Millennials Prioritize Finding a Home for Fido

Couples legs with a dog under the table

Only a few decades ago, Americans bought homes to ring in a marriage, welcome a new child, or prepare for one of these two major life changes shortly down the road.

But today, times have changed. Millennials are waiting longer and longer to get married and start their families, and they just don’t need those starter homes the way they did in years past.

Still, that’s not stopping them from buying real estate. In fact, many of them are driven to buy a house by an entirely different factor—their furry friends.

The Fido Factor

Millennials really value their pets, and they’re serious about making long-term plans that involve them. According to a recent study, 33% of millennial home buyers say they purchased their property with their dog in mind. Of millennials who hadn’t yet bought a home, 42 percent said their dog (or the desire to get a dog down the line) would play a key role in their decision to buy.

To put things into perspective, only 25% of millennials said they bought a home due to a recent or upcoming marriage, and a mere 19% said it was the birth or impending birth of a child. This marks a massive change from just a few decades ago.

Why is a House More Dog-Friendly?

Dogs are clearly influencing millennials’ desire to buy a home, but why is this? What is it about buying real estate that makes for a more dog-friendly environment?

For most dog owners, it comes down to one of these major factors:

  • Space – Most apartments are cramped as it is. Adding a dog to the mix—particularly a large one—can make for a pretty difficult living situation, both for the pet and the owner. Buying a home can offer more space for everyone.
  • A yard – Many rentals don’t have yards, and this can be a major deterrent for dog owners. There’s nowhere for Fido to run and play, and the owner is forced to walk them multiple times a day to help them exercise or use the restroom. If the weather’s not ideal or the apartment is located on a high floor, this can be a serious hassle—especially for busy 9-5ers.
  • Less liability Renting with a dog can make you liable for serious damages—damages that could make you lose your security deposit or, worse, vulnerable to legal action if the dog isn’t allowed on the property. Owning the home frees you from these types of liabilities.
  • Fewer costs – Some landlords require extra deposits for having pets on-site, and others even ask for monthly pet “rent.” Buying a home can cut out these extra costs and make pet ownership just a little more affordable—both now and in the long run.
  • Freedom to make changes – You can’t make big changes to a rental property, like adding a doggy door or installing a gate or outdoor kennel. As these features can add serious convenience for a pet owner, this can be pretty frustrating. Fortunately, as a homeowner, you can add dog-friendly elements freely—with no limits or prior approvals needed (except for maybe from your HOA!)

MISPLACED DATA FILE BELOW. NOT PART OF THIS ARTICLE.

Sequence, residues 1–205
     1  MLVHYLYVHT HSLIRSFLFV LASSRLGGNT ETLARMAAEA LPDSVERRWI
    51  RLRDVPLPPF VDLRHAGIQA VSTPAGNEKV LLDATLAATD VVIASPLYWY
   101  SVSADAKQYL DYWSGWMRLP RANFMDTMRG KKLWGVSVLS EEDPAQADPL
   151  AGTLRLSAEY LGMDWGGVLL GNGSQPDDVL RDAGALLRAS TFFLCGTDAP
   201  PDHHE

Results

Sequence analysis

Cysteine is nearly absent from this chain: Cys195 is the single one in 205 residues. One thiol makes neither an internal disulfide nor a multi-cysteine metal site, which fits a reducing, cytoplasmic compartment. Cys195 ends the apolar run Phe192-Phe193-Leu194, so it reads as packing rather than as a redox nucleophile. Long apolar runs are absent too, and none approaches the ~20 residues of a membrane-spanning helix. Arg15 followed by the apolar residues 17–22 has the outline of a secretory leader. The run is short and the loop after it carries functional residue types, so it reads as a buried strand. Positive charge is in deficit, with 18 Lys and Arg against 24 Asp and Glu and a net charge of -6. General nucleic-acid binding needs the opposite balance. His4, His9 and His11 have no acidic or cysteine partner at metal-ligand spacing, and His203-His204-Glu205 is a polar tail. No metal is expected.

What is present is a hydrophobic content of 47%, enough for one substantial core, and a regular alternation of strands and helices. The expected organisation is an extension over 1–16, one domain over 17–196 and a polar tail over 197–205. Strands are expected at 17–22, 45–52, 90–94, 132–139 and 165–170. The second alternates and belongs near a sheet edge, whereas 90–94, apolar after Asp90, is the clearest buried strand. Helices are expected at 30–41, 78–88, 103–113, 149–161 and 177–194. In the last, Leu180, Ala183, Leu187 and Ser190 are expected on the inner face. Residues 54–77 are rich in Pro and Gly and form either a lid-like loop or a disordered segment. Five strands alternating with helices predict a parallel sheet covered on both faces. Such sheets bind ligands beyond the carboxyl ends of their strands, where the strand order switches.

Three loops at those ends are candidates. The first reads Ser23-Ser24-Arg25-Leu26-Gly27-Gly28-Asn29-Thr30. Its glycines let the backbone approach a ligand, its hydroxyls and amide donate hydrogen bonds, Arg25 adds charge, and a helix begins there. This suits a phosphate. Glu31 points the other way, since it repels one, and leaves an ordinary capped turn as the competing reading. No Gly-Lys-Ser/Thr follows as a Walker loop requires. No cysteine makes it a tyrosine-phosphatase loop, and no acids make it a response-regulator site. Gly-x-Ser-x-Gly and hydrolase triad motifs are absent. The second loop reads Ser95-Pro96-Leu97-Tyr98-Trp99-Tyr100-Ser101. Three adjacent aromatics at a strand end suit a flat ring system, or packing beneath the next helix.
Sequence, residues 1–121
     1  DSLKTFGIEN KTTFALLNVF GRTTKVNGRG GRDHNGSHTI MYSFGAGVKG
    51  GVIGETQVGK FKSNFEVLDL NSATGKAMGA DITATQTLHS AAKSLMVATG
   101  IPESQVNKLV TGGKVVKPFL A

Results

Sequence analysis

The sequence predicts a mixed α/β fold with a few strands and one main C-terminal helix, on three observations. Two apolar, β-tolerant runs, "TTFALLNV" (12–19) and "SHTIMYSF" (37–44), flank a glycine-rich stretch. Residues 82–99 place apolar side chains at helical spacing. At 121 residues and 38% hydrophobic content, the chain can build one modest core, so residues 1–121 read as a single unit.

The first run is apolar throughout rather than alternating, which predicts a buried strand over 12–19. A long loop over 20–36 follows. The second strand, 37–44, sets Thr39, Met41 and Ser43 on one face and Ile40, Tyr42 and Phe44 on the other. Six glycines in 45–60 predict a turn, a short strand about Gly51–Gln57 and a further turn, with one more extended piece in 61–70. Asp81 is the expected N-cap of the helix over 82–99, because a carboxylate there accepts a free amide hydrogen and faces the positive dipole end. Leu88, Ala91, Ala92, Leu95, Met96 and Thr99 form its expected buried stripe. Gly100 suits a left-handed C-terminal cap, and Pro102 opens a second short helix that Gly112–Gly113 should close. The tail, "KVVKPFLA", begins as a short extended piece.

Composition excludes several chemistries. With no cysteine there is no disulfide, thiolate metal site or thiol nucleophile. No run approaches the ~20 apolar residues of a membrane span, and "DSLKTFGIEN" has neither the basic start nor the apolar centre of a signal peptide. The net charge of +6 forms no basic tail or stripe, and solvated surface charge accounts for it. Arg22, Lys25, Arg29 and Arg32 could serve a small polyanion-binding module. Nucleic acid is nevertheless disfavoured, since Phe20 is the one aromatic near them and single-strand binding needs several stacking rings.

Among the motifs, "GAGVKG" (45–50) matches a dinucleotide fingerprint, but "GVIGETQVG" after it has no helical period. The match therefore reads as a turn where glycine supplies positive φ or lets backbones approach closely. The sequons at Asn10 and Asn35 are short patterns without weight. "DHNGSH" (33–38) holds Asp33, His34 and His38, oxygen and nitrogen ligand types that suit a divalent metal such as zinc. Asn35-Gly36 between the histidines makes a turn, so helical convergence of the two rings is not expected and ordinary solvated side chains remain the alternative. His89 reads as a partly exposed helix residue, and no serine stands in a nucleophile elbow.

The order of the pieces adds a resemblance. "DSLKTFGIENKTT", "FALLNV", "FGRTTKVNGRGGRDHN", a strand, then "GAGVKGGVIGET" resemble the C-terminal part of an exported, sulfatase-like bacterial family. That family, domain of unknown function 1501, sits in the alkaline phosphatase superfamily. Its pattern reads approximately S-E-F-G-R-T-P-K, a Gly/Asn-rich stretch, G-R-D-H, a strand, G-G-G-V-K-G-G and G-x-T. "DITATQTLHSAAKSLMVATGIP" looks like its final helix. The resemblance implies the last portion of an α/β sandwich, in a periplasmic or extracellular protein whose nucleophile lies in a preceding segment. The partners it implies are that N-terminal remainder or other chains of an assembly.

• Room for more pets – Many pet owners want to add more to the pack—especially if they work long hours and want another companion for their existing furry friends. Buying a home means more room to grow and more room for those extra family members in the future.

The bottom line is owning a home offers more flexibility for dog owners, as well as an environment that inspires an active, healthy lifestyle for their furry friend. As many Millennials consider their dogs a “child” of sorts, these are both hugely important factors.

What to Look for in a Dog-Friendly Home

Are you considering buying a home to give your pup more room to roam? Are you hoping to buy so you can adopt that furry friend you’ve been eyeing?

Here are the features you should look for:

  • A large yard with plenty of room for the dog to run and use the restroom
  • Lots of grass, as more dirt and sand means more muddy paws and messes
  • A neighborhood with lots of sidewalks, parks, and playgrounds for walking and outdoor activities
  • A high privacy fence, so the dog doesn’t bark or bother nearby neighbors
  • Wood or tile floors, making clean-up easier and less of a hassle
  • Plenty of backyard shade, especially if you live in a hot climate

It’s not absolutely necessary, but dog owners often prefer homes with separate utility rooms as well. These offer a great spot to store dog bowls, leashes, and other supplies, and they even make for a great kennel or dog bed location, if the pup won’t be sleeping with you.

Is buying a dog-friendly home in your future? If so, contact Embrace Home Loans today. We’ll help you—and your furry friend—finance your dream home.

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By Aly Yale / April 11th, 2018 / Categories: / Tags: , ,

Aly Yale

Aly J. Yale is a freelance writer focusing on real estate, mortgage, and the housing market. Her work has been featured in Forbes, Bankrate, The Motley Fool, Business Insider, The Balance, and more. Prior to freelancing, she served as an editor and reporter for The Dallas Morning News. She graduated from Texas Christian University's Bob Schieffer College of Communication with a major in radio-TV-film and news-editorial journalism. Connect with her at or on Twitter at @AlyJwriter.